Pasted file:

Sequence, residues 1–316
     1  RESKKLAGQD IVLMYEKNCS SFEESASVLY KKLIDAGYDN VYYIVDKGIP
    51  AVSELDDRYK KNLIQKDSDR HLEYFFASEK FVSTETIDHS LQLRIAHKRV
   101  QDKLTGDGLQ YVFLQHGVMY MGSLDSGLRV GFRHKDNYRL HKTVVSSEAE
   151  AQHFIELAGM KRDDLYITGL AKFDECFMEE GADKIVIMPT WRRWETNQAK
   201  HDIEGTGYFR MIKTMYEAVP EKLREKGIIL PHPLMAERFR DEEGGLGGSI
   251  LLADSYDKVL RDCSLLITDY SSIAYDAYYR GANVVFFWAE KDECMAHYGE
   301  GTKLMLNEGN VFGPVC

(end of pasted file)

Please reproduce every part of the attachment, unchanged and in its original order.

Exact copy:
Sequence, residues 1–316
     1  RESKKLAGQD IVLMYEKNCS SFEESASVLY KKLIDAGYDN VYYIVDKGIP
    51  AVSELDDRYK KNLIQKDSDR HLEYFFASEK FVSTETIDHS LQLRIAHKRV
   101  QDKLTGDGLQ YVFLQHGVMY MGSLDSGLRV GFRHKDNYRL HKTVVSSEAE
   151  AQHFIELAGM KRDDLYITGL AKFDECFMEE GADKIVIMPT WRRWETNQAK
   201  HDIEGTGYFR MIKTMYEAVP EKLREKGIIL PHPLMAERFR DEEGGLGGSI
   251  LLADSYDKVL RDCSLLITDY SSIAYDAYYR GANVVFFWAE KDECMAHYGE
   301  GTKLMLNEGN VFGPVC